Prelab 2 - Notch Filter Design
You will investigate the basics of audio processing and filter design in Python.
Refer to the Submission Instruction page for more information.
Part 1 - Jupyter Notebook
We will be using Jupyter Notebook for all of our prelabs (or labs if you prefer). Jupyter Notebook is embedded in the anaconda python distribution, it is popular because it is based on interactive python that supports inline plotting and Markdown/Latex documentation. You can display intermediate results easily for quickly prototyping your ideas and you can also store them without the need to re-run everything.
Create New Notebook
From the command line (or your windows start menu), type:
to open the jupyter notebook in your browser:
Inside the just-opened webpage, Choose New -> Python[default]. A jupyter notebook will be opened in a new tab.
File->Rename and rename it to Prelab 2.
In the first cell in the opened notebook, type
ls and press
Shift + Enter(shortcut to run the selected cell). It should list all the file in your current directory.
Make sure that you are in the same folder where the wav files are stored. Run the following commands to find out your current working directory.
import os print(os.getcwd())
Load audio files
To import the wave file and read both sampling rate and raw data, you might use:
from scipy.io.wavfile import read sampling_rate, data = read('with_hum.wav')
And to play the audio file:
from IPython.display import Audio Audio('with_hum.wav')
A small control panel should appear below the cell, click on the button to play the audio. Play both wav files to see the difference.
As in Lab 1, we use
matplotlib.pyplot module to display the figure in Jupyter Notebook.
You may need to include this line at the beginning of the notebook to make the plot visible in the notebook:
Part 2 - Frequency Response
One of the basic approach to analyse some signal is to convert it to frequency domain and analyse its frequency response. Apply fourier transform to convert a signal to frequency domain.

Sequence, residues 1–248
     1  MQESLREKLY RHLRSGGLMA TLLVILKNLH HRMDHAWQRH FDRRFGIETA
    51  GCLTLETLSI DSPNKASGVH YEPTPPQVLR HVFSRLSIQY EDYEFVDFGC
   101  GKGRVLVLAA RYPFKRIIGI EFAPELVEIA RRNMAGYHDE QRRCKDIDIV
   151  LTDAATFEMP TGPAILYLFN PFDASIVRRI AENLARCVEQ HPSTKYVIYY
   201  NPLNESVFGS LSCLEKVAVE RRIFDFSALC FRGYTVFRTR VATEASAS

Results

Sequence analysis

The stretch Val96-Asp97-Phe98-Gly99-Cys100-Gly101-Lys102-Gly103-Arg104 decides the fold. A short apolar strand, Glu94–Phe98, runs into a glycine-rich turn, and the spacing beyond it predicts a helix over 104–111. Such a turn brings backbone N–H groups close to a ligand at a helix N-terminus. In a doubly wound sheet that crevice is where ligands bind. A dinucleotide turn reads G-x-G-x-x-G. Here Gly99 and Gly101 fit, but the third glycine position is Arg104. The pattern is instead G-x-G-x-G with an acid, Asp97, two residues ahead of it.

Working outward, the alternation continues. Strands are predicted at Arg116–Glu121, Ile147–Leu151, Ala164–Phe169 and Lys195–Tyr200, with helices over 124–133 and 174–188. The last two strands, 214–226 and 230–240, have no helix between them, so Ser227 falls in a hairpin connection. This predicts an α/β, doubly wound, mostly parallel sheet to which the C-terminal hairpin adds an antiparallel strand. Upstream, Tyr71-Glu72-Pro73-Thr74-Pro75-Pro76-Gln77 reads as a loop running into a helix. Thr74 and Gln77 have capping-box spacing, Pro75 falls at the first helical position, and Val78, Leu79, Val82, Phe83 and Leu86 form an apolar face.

Plot the magnitude of the frequency response of the signal with the 400 Hz humming (with_hum.wav).
Use numpy.fft.fft() function, examples are available at the bottom of the linked page.
Part 3 - Notch Filter Design
We want to filter out the 400 Hz humming interference out from the
with_hum.wav so we want to design a bandstop filter that will surpress signals around that frequency.
Design a bandstop filter to filter out the humming interference. Plot the magnitude and phase of the frequency response of the filter.
All of our filters and any further processing will be in the digital domain, not analog domain.
Brifely discribe your filter design. Why does your filter have the number of taps that it has? Could you achieve the same effect with less taps? What are the practical effects of using less taps?
Part 4 - Apply Filtering
Filter the 400 Hz humming interference out from the
with_hum.wav using your bandstop filter from Exercise 2. Play the output audio and you should hear the humming interference died out.
Plot the frequency response of the filtered signal. Play the filtered signal again.
Use scipy.signal.lfilter() function to apply filtering.
Prelab 2 will be graded as follows:
Assignment 1 [0.5 point]
A plot of the magnitude of the frequency response of the original signal (with the 400 Hz humming) [0.5 point]
Assignment 2 [1 point]
A plot of the magnitude and phase of your bandstop filter's frequency response [0.5 point]
Short answer question [0.5 point]
Assignmet 3 [0.5 point]
A plot of the magnitude of the frequency response of the filtered signal (with the 400 Hz humming canceled out) [0.5 point]